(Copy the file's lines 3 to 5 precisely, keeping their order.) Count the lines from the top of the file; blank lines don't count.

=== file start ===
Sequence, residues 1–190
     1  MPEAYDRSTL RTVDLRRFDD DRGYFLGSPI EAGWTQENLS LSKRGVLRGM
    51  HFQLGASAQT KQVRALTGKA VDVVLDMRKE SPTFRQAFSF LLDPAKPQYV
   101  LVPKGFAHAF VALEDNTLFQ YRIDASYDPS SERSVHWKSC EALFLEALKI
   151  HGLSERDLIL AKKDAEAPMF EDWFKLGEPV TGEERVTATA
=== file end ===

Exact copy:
    51  HFQLGASAQT KQVRALTGKA VDVVLDMRKE SPTFRQAFSF LLDPAKPQYV
   101  LVPKGFAHAF VALEDNTLFQ YRIDASYDPS SERSVHWKSC EALFLEALKI
   151  HGLSERDLIL AKKDAEAPMF EDWFKLGEPV TGEERVTATA